34 knock out the representative point from any sleepy hollow and the polar explorer from his warm sleeping bag. Figure 5A shows how the landscape may look to a mathematician, but in evolving open systems it looks like Figure 5B in which only the close neighborhood is more or less visible. Moreover, even with hindsight, only the trajectories that already have been passed can be seen, while a lush valley or deadly abyss just two steps aside remains shrouded in fog. Evolution is not about closed mathematical structures.

A

B

Figure 5. Evolutionary landscape: A. Closed system, B. Open system In the case of language acquisition, however, the landscape can be studied because the individual evolution of a child has been repeating billions of times.

This process is epigenetic in some limited sense. There is very little molecular genetics in it but a lot of social genetics. I see the individual language acquisition as a homeostasis on a known landscape, but evolution of species, whether biological or social, is the creation of the landscape.

In the mind flask, regardless of the physiological nature of the process, to which I have no clue, all we can metaphorically say is that there is a kind of “equilibrium” between the following components of unknown and irrelevant for us material nature:

The Three Little Pigs

3LP

35 Pigs Individual pigs Wolf P P1, P2, P3

W P+W
P1 + P2 + P3 P1 + P2 + P3 + W

3LP P 3LP

The above equations may look like an abomination to a chemist. They do not explain how a single W or P1 can retrieve the entire tale. This would violate the sacred for a natural scientist conservation of atomic particles. We are coming here to the most fundamental, although still hypothetical, difference between chemical and cognitive systems: cognition, unlike chemistry, does not know multisets. And yet there is a possible chemical interpretation.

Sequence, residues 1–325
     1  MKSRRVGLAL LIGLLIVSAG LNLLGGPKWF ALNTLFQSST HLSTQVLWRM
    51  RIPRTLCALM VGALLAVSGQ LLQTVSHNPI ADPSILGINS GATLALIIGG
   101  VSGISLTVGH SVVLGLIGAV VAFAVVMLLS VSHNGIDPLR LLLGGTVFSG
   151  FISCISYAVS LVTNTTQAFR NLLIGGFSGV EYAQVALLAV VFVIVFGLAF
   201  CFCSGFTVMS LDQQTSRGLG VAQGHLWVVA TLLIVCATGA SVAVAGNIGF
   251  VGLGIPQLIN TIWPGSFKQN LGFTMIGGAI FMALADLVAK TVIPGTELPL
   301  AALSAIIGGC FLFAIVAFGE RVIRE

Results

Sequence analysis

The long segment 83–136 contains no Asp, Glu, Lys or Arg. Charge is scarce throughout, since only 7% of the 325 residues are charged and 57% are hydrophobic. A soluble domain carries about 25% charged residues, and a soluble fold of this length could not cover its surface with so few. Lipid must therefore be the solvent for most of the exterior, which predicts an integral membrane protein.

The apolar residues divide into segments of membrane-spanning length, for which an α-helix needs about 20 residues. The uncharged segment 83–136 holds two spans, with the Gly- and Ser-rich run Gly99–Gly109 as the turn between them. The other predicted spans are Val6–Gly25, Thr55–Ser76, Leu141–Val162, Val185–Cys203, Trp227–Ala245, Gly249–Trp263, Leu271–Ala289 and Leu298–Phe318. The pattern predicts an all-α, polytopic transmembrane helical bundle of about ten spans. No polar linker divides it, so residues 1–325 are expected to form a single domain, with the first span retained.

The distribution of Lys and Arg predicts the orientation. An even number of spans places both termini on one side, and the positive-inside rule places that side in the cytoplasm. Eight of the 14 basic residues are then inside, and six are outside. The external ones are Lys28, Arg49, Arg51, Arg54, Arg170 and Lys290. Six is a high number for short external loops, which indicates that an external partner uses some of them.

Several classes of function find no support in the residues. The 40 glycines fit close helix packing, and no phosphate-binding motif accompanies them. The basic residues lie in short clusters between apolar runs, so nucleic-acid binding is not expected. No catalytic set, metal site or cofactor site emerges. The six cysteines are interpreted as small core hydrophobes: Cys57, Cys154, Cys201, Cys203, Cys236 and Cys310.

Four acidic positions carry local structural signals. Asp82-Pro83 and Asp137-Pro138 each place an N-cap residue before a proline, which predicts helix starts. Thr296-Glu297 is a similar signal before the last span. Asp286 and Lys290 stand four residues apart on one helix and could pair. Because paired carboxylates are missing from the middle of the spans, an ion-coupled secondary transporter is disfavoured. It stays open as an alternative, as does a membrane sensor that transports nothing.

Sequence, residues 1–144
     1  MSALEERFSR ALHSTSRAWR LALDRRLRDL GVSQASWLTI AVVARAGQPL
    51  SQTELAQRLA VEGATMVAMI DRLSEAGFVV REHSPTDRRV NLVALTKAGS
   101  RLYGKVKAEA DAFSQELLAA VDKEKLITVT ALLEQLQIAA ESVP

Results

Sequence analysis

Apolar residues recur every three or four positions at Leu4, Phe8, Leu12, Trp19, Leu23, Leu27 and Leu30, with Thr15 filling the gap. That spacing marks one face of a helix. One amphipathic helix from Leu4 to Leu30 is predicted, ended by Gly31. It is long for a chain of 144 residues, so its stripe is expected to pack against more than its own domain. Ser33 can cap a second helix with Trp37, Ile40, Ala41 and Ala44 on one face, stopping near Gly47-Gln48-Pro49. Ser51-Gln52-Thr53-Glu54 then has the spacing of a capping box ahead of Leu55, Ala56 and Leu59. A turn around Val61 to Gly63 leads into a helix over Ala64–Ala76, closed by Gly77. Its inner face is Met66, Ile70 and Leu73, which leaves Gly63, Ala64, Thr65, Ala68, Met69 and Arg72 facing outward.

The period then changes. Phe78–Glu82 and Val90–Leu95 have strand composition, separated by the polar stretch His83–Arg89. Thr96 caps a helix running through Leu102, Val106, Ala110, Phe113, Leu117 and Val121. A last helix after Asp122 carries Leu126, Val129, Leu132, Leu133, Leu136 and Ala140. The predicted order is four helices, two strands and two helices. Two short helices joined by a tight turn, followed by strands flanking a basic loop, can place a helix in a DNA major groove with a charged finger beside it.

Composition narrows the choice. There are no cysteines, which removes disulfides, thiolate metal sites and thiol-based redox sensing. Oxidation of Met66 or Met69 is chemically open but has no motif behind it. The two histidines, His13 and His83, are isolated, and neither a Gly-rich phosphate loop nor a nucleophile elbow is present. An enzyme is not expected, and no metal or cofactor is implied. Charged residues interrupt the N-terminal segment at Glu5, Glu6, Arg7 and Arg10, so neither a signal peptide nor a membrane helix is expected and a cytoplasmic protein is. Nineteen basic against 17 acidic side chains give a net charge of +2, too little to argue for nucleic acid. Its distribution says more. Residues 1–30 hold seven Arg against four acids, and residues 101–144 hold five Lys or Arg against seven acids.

Figure 6 shows the already familiar “chemical” equilibrium, in which there is no way P1 can generate P or 3LP. Nevertheless, there is a chemical analog for the function of retrieval, but it is even less known outside chemistry than catalysis. Not surprisingly, it is called extraction, which is synonymous with retrieval and recovery and used for those purposes.

P1 3LP P3 P2 P

W

Figure 6. Equilibrium of the whole (3LP) and the components (P,P1,P2, P3, W)

36 The classical homogenous chemical equilibrium is only one kind of equilibrium, in which all components are in the same phase. In a heterogeneous medium, for example, immiscible oil and water, or in water solutions separated by a membrane, as it is the case in living cells, some the components do not have a complete freedom of movement between the phases and come to an equilibrium distribution between the two phases, like water and oil, which can be highly skewed. In Figure 7 the shaded lower part and the clear upper part, separated by an interface, represent the subconscious and conscious phases of the mind, with the equilibrium shifted toward the subconsciousness. The lower part shows how component W , which is in the focus of consciousness, recognizes and retrieves the rest of 3LP from memory but leaves Q there. This is the case of a well-known and widely used in chemistry phase equilibrium: distribution of a component between two phases or extraction from one phase into another, for example, from water into oil or back. Component W retrieves P into consciousness because it recognizes it in the same way enzyme recognizes its substrate. It is not the case with Q. This is the chemical metaphor, but what does stand for internal recognition in the real mind? Obviously, it is the connection, i.e., the bond couple of PT, for which the connection in a Hopfield type NN is the closest approximation (not an exemplary one because there is no normalization in Hopfield nets).

Figure 7. Extraction of components from memory into consciousness